You may expect a decision, generally, within 10 days of the hearing. Sometimes, however, the arbitrator requests that additional documents or information be submitted, in which case the decision may be delayed.
45. CAN YOU RECOVER THE FILING FEE?
Yes. If you are successful, the arbitrator's decision in your favor must include the return of the filing fee. Also, if you settle the case any time before a decision is rendered, you should seek to recover the filing fee.
46. WHEN MUST A MANUFACTURER COMPLY WITH AN ARBITRATOR'S DECISION?
Within thirty days from the date you notify the manufacturer of your acceptance of the arbitrator’s decision. In most cases, the manufacturer's representative will contact you within this period to arrange for the return of the car in exchange for either a refund or a replacement car.
Failure of the manufacturer to comply within this time period entitles you to recover an additional $25 for each business day of noncompliance, up to $500. If the manufacturer does not voluntarily pay any applicable penalty, you may sue to recover this penalty in Small Claims Court. However, this deadline and penalties are not applicable where you request a replacement car built to order or with options which are not comparable to the car being replaced.
47. WHAT HAPPENS IF THE MANUFACTURER DOES NOT COMPLY WITH THE ARBITRATOR'S AWARD?
If the manufacturer does not comply with the award, you can enforce the arbitrator's decision through the courts by bringing an action to confirm the award. This action must be commenced within one year of receipt of the decision. You should consult a private attorney if you wish to pursue this remedy. If you are successful, the Court will convert the arbitrator's award into a court judgment and may award reasonable attorney's fees. The court may also award reasonable attorneys' fees incurred to enforce the collection of the award.
48. HOW IS A RETURN OF THE CAR IMPLEMENTED?
The common procedure is to have all the affected parties (you, the manufacturer's representative, and, if the car is financed or leased, the lender's or the leasing company's representative), meet at an agreed time and place to execute the necessary papers to exchange the car for a refund or replacement. You may choose to return the car to either the selling dealer or the dealer which attempted to repair the car. No further shipping charges may be imposed for the return of the car.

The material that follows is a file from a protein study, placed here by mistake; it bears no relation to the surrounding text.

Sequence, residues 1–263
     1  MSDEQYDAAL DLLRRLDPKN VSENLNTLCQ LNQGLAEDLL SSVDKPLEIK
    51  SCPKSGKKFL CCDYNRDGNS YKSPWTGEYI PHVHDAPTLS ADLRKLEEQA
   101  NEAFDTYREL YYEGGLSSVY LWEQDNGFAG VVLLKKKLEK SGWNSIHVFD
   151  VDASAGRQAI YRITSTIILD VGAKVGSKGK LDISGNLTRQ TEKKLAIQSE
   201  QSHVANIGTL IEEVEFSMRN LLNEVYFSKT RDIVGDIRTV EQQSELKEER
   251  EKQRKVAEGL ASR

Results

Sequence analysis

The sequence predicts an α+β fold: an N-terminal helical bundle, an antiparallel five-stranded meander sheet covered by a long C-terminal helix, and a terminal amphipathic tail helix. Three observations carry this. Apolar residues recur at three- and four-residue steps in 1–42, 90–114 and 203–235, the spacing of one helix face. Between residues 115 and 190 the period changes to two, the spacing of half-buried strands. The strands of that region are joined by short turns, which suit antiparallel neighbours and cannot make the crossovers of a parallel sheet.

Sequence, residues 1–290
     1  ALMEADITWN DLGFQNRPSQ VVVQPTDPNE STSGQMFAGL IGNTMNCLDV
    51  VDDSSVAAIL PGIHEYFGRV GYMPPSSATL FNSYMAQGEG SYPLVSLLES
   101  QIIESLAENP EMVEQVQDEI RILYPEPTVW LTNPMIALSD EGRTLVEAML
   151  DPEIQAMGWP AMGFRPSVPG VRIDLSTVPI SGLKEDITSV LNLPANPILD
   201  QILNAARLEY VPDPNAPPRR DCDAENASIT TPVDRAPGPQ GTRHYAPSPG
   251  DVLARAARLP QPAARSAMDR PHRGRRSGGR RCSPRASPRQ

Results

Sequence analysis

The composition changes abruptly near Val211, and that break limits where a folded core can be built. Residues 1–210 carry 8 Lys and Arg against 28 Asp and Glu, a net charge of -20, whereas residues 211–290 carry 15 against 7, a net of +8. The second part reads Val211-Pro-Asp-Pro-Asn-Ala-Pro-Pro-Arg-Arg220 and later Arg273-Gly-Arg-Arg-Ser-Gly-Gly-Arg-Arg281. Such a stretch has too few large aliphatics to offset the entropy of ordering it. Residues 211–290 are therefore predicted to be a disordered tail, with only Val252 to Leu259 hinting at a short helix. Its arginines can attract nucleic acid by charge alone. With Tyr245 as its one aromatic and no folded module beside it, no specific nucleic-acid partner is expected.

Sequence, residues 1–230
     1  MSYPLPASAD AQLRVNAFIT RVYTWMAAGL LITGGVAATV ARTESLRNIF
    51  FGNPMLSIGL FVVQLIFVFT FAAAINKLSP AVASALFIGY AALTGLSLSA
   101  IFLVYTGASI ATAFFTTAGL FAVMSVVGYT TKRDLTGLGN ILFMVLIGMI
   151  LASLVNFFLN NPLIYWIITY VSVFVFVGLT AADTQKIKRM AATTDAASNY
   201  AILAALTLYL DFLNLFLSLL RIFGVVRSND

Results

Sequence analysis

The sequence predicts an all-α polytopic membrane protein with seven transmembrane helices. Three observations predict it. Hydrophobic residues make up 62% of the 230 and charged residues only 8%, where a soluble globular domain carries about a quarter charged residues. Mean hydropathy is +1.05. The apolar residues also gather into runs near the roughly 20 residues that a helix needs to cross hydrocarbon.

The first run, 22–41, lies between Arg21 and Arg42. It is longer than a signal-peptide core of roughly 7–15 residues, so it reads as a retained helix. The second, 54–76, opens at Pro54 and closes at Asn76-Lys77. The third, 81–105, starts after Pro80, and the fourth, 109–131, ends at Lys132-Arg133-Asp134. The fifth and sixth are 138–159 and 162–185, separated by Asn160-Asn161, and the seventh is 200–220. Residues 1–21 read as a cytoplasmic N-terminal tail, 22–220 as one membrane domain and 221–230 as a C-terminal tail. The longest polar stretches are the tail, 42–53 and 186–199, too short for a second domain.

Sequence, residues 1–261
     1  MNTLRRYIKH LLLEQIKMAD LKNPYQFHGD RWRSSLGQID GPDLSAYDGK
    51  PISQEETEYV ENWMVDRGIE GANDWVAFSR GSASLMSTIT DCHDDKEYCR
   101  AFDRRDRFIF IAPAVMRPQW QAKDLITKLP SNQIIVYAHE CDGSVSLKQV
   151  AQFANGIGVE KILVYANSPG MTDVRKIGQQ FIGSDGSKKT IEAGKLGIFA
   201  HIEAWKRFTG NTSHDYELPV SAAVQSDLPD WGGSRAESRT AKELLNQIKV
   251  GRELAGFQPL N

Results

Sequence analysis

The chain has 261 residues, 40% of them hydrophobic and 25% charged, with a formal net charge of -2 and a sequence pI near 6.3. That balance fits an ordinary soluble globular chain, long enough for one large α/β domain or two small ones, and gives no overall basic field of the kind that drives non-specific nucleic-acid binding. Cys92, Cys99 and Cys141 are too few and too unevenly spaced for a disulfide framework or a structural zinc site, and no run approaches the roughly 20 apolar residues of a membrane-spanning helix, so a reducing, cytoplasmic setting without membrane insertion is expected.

49. UNDER WHAT CIRCUMSTANCES CAN AN ARBITRATOR'S DECISION BE MODIFIED?
The grounds for modification are very limited. Generally, awards may be modified only to correct a miscalculation or a technical mistake in the award. For example, a modification may be requested where the mileage deduction was miscalculated or the filing fee was omitted from the refund.
50. WHEN MUST A REQUEST FOR MODIFICATION BE MADE?
Either party may seek a modification by the arbitrator of the award by written application to the Administrator within 20 days of receiving the award. The other party will be given the opportunity to object to the modification. The arbitrator must rule on all such requests within 30 days after the request is received. To modify an award after 20 days, an application to a court may be necessary.
51. CAN AN ARBITRATOR'S DECISION BE CHALLENGED?
Either party may commence a lawsuit to challenge an arbitrator's award within 90 days of receipt of the award. However, the grounds for such challenges are limited by law. Generally, the courts will uphold an arbitrator's award if it is supported by evidence and is grounded in reason. Reasonable attorneys fees may be awarded by the court if you are successful in challenging or defending an arbitration award.
52. WHAT ROLE WILL THE ATTORNEY GENERAL'S OFFICE OR THE ADMINISTRATOR PLAY IF AN AWARD IS CHALLENGED IN COURT?
Neither the Attorney General's Office nor the Administrator is authorized to represent you in such a challenge; this is the responsibility of your own attorney. The role of the Administrator ends when the arbitrator's award is sent to the parties.
53. CAN YOU APPLY FOR ANOTHER HEARING UNDER THE NEW YORK PROGRAM IF YOU LOST THE FIRST ONE?
It depends. A decision under the New York Program is binding on both parties. However, if new facts arise after a hearing was held, you may reapply for a new hearing based on the new facts.
54. DOES THE LEMON LAW LIMIT ANY OF THE OTHER LEGAL REMEDIES ALREADY AVAILABLE TO YOU?
No. The Lemon Law adds to your arsenal of existing legal remedies. These legal remedies can be explained by your attorney.
55. CAN YOUR RIGHTS UNDER THE LEMON LAW BE WAIVED?
No. Any contract clause which seeks to waive your rights under the Lemon Law is void.
56. HOW ARE YOU PROTECTED WHEN BUYING A CAR PREVIOUSLY RETURNED TO THE MANUFACTURER UNDER THE LEMON LAW?
When purchasing a car which was previously determined to be a lemon and returned to the manufacturer, you must be given a written, conspicuous disclosure statement by the dealer reading:
IMPORTANT: This vehicle was returned to the manufacturer or dealer because it did not conform to its warranty and the defect or condition was not fixed within a reasonable time as provided by New York law.
This disclosure must also be printed on the car's certificate of title by the New York State Department of Motor Vehicles.
57. WHERE CAN YOU GET HELP OR FURTHER INFORMATION REGARDING THE LEMON LAW?
You may contact any of the offices of Attorney General or consult a lawyer.